That said, not all experience is created equal. Let’s consider how leaders can make the most of their investments in experiences at the enterprise or community level.

Elements of Meaningful Experience

As we warned, experiences are personal, and each participant in the same experience will take something different from it. That said, the same experience can be meaningful for many or even most people, if structured correctly. What are those elements of a meaningful experience?

1. Larger than Oneself: The first critical driver of meaning is that the experience is relevant to others, beyond the participant. In other words, a vacation photo contest, coding competition, or sales drive in which people participate or compete as individuals, is not likely to register as meaningful. On the other hand, a team-based hackathon, hunger-fighting BBQ competition, or park clean up, will more likely do so. These latter experiences advance the good of the team or company, or most-powerfully, the needs of a community group. The feeling of contributing to something larger than one’s own success or wellbeing is a key element of meaningful experience.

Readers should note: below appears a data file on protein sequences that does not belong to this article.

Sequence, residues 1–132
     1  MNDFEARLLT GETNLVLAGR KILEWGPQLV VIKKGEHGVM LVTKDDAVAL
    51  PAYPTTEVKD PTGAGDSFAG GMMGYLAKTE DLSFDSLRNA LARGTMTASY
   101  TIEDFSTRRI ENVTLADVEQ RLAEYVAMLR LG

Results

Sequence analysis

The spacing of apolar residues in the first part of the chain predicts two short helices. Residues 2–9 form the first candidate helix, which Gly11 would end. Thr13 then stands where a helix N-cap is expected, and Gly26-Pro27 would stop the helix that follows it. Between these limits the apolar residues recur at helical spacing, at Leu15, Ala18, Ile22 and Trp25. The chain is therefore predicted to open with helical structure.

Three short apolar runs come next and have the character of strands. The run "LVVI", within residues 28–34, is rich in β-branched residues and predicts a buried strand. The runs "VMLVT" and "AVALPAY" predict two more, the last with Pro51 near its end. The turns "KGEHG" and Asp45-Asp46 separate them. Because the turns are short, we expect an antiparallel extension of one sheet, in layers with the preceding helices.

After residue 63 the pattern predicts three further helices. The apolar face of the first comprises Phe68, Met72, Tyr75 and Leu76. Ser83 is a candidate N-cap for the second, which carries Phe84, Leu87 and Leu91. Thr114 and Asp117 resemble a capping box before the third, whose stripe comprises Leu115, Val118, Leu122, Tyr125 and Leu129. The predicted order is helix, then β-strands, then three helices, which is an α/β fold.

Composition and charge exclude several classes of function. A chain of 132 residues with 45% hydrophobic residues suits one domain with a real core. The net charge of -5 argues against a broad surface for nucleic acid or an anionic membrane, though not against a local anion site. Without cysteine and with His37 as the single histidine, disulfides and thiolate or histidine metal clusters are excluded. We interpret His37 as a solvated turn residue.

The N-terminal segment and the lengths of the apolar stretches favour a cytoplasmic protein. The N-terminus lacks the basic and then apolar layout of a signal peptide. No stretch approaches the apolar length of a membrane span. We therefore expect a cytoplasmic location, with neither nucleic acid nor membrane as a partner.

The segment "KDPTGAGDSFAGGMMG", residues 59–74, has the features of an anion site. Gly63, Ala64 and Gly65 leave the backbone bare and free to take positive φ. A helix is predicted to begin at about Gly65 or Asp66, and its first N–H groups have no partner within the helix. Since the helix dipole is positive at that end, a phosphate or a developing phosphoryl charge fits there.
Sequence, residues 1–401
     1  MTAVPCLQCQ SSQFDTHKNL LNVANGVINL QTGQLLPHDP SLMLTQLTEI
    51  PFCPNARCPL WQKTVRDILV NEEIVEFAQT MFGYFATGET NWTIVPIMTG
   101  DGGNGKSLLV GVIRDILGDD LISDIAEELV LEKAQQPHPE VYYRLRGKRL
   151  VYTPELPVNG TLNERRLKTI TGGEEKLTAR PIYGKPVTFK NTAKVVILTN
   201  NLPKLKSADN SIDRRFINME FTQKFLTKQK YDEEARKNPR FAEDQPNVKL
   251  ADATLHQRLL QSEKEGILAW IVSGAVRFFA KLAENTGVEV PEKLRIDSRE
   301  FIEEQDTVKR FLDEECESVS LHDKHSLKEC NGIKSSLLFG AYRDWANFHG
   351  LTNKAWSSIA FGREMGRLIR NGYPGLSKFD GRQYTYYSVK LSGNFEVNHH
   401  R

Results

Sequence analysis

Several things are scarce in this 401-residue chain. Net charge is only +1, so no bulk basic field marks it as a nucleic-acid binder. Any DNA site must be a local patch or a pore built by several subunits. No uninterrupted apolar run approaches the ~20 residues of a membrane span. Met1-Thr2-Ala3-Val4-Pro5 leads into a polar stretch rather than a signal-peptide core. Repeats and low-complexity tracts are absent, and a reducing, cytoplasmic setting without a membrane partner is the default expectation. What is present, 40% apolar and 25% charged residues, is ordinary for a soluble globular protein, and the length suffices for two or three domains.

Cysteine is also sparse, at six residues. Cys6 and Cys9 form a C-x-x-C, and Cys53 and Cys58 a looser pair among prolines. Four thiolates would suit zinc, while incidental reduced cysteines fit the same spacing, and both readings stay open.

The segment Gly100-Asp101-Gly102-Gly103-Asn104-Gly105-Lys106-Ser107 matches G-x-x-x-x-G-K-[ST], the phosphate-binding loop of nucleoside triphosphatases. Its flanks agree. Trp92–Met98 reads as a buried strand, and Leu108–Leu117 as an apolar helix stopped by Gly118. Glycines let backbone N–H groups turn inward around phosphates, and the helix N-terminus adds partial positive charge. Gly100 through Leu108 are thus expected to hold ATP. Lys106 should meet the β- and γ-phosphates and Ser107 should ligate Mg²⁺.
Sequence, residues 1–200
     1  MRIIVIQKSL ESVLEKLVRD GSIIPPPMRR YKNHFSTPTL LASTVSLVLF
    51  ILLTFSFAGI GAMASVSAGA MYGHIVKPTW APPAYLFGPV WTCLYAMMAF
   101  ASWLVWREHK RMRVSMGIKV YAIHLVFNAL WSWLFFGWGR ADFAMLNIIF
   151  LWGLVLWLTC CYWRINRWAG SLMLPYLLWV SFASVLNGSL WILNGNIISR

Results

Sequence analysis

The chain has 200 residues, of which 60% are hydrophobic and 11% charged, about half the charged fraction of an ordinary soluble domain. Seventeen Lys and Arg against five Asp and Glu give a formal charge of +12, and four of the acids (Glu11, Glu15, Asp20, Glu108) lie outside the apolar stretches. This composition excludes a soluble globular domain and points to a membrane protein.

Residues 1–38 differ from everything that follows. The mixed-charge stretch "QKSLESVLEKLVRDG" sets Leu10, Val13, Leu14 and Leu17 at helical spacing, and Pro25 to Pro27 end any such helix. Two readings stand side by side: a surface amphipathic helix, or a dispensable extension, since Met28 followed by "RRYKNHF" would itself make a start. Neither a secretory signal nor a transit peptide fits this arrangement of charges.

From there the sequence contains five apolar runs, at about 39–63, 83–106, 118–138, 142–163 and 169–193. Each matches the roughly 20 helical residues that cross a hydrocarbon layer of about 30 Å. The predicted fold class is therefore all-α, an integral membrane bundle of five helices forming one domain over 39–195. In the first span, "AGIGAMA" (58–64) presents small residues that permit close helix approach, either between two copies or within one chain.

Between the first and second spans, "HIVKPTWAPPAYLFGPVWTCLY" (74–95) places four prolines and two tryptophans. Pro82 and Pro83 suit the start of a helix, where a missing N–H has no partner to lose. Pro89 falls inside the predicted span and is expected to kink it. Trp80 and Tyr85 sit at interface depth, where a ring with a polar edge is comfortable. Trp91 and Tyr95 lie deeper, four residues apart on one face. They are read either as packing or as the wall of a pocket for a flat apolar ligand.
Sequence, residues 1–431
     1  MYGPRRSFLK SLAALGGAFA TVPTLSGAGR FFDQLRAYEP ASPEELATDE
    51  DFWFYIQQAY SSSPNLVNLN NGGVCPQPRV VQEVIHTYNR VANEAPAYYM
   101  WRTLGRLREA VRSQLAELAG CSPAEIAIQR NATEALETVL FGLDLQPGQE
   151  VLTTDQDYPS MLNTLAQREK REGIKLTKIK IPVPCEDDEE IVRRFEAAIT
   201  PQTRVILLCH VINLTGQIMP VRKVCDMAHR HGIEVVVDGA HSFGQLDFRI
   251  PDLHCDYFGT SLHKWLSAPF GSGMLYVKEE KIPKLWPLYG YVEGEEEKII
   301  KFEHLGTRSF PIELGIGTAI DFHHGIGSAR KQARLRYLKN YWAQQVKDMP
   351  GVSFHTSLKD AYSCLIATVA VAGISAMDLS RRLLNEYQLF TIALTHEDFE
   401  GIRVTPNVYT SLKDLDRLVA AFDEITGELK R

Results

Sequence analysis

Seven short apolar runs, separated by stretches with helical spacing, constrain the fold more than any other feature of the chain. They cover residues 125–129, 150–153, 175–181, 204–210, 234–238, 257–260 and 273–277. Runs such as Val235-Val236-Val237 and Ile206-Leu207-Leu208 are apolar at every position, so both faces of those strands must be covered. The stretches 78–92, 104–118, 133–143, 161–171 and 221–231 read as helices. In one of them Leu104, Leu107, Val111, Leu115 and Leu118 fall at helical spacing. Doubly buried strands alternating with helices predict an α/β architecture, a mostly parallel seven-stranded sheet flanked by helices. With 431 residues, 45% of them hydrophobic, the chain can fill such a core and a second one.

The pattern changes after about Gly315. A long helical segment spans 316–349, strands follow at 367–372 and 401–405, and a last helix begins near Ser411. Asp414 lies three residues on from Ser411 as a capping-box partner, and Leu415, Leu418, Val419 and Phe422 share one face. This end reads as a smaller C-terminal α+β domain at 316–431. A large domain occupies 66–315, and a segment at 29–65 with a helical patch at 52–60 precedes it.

2. Emotional: Our neurology means that experiences with strong emotions are stickier and more likely to register as meaningful. The emotions evoked can be positive or negative. Challenging, tragic, or overwhelming experiences can be formative over time. As long as they’re not unsafe or traumatic, difficult moments can be memorable and influential to our forward growth.

3. One-Off: Even surgeons, teachers, or actors, who might seem to be doing ‘meaningful’ work all day long, find meaning in one-off, standout events. By definition, the things we do every day become mundane. “Just another life-saving heart surgery,” is what a lot or cardiac surgeons do every day. Experiences may stand out because of a simultaneous event, an unrelated background stimulus, or a specific feature – the first, last, annual, challenging, personally salient, or otherwise, time that someone does something.